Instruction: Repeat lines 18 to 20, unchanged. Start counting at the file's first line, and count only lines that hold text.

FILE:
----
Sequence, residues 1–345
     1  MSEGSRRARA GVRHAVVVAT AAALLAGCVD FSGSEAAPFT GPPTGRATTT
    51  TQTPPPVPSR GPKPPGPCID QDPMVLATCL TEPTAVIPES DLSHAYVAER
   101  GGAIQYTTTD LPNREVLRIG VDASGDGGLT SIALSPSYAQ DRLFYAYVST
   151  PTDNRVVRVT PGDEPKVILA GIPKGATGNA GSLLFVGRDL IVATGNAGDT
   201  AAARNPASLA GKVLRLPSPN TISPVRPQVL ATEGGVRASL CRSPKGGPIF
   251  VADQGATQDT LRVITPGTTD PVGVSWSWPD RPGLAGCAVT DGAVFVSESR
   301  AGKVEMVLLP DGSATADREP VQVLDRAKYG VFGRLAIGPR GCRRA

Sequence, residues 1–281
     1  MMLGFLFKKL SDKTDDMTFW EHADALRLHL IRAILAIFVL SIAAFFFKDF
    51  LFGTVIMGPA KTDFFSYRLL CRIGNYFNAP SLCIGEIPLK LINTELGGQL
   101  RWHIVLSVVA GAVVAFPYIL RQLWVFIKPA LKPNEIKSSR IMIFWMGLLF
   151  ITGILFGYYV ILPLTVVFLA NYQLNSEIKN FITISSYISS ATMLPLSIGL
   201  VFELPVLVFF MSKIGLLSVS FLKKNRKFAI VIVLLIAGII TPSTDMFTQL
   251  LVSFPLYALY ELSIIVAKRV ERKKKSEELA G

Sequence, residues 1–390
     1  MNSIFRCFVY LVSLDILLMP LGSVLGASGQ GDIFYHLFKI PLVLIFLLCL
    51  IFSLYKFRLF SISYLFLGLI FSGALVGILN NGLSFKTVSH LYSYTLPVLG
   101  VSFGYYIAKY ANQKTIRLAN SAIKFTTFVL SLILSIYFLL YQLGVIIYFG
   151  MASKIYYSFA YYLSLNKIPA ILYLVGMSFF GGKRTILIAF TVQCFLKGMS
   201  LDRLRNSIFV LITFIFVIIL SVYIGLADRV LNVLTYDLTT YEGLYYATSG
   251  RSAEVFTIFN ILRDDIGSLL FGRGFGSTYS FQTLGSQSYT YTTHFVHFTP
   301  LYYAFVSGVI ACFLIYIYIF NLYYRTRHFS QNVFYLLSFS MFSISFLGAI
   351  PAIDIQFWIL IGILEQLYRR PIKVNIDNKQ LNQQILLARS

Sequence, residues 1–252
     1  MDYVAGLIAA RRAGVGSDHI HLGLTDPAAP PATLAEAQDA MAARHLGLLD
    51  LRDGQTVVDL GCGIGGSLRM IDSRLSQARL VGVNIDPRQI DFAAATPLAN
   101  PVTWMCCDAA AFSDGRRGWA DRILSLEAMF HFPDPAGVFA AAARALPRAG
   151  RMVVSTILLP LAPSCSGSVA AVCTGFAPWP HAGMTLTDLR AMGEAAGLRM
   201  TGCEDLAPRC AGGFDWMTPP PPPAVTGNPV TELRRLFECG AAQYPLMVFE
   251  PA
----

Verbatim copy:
    51  IFSLYKFRLF SISYLFLGLI FSGALVGILN NGLSFKTVSH LYSYTLPVLG
   101  VSFGYYIAKY ANQKTIRLAN SAIKFTTFVL SLILSIYFLL YQLGVIIYFG
   151  MASKIYYSFA YYLSLNKIPA ILYLVGMSFF GGKRTILIAF TVQCFLKGMS